Whendy likes to read the Globe & Mail so whe often whander along to Jemseg to buy it. Of course they sell more than just newspapers in Jemseg, they also have whreaths available. I whonder whhat else whe might find if whe whent shopping there. Perhaps a whelcome mat on the floor.
Oh, it must be nice to be perfect, Ian?
I'd be the first to admit that I make a lot of spelling mistakes, but I make a valiant effort to avoid them. I like to proof reed my righting once oar sum thyme twice. I use www.dictionary.com as a reference when I can't spell a word. I also use the spell checker on Blogger. You might be amazed at how often I make spelling mistakes, even with the help of the latest technology.
I wouldn't be amazed, because I know you're a wheenie.
I'm sympathetic toward anyone of another language who tries to learn Hinglish. What a botched and butchered batch of bumbled, dastardly bastardly letters we've brought together to call our own.
There, there Ian. Or is it they're, they're Ian? Or their, their Ian?
English is a mess. Why does wreath start with a double you? That's just plain knuts. No wonder the French want to keep their language! Can you blame them? French is full of sexiness. A house, la maison, is feminine. A big house, le château, is masculine. Okay, French is messed up too, but it's undeniably sexy.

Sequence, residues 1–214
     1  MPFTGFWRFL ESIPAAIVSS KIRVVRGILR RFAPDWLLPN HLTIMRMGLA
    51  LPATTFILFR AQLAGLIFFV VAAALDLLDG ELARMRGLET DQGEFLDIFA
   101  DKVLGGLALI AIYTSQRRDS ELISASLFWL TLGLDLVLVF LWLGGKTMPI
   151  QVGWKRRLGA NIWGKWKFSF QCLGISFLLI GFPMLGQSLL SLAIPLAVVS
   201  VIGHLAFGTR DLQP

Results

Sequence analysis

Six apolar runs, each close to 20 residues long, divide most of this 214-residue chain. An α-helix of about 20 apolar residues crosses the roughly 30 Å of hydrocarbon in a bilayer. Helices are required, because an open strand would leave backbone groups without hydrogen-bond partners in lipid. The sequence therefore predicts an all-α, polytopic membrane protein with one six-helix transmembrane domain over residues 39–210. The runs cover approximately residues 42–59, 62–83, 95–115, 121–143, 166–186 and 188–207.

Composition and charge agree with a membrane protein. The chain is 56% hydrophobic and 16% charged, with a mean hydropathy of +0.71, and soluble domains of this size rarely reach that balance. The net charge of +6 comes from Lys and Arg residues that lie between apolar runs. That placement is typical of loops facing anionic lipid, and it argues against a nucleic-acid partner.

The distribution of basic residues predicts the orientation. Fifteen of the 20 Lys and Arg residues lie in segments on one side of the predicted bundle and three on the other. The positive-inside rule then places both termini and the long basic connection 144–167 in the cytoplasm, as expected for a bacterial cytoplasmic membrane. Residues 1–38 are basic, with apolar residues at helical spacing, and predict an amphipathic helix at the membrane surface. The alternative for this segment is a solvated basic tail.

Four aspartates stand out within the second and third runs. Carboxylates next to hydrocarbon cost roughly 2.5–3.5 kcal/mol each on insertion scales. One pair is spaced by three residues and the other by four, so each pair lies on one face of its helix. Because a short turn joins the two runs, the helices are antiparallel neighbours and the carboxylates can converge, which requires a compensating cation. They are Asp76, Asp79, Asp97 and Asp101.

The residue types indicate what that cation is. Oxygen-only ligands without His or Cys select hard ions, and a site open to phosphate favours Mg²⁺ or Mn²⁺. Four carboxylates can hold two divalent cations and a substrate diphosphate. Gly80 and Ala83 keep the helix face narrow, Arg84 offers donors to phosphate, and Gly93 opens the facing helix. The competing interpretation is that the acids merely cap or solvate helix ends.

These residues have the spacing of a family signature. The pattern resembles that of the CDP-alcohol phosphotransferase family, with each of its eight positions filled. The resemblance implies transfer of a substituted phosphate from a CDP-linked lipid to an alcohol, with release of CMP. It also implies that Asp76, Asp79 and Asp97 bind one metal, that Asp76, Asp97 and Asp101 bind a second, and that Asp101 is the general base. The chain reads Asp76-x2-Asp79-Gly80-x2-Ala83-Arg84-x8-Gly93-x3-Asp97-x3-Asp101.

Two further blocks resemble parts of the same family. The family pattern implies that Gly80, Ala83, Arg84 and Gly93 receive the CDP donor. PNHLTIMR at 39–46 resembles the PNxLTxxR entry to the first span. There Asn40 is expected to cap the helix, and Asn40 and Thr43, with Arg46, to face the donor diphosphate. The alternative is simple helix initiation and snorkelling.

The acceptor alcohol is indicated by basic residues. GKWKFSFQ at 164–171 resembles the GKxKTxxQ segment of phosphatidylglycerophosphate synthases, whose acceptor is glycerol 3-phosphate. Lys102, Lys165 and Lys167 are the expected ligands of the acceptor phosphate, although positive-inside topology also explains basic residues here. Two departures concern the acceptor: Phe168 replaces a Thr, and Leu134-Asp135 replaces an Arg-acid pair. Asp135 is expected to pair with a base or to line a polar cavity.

While we're on the topic of French and English, how come French people can't say the letter 'h' in English when they need, yet can say it when they don't...i.e. I played ockey on the hice.
Ian, are you trying to anger the French?
No, I love all languages. They're part of our global culture and I embrace them all with open harms. When the guy from Dell computers, headquartered in New Delhi, calls me Mr.Warty, I don't recoil or try to correct him because his first language doesn't pronounce the vee sound. When the guy from Capital One Mastercard asks to speak to Mr.Warty, I say "Mr.Warty speaking", then try to give him the slip as quickly as possible.
I actually like being called Mr.Warty. Besides, what else could he call me?
I have a list of thirty seven put-downs he could use...want to hear them?
You'd better shut up, or you'll suffer my whreath, wrath. Or, as the British say, roth. Ah, the English language....isn't it grond? In keeping with today's theme of botching the language, I present you this, a scene from my favourite Christmas movie.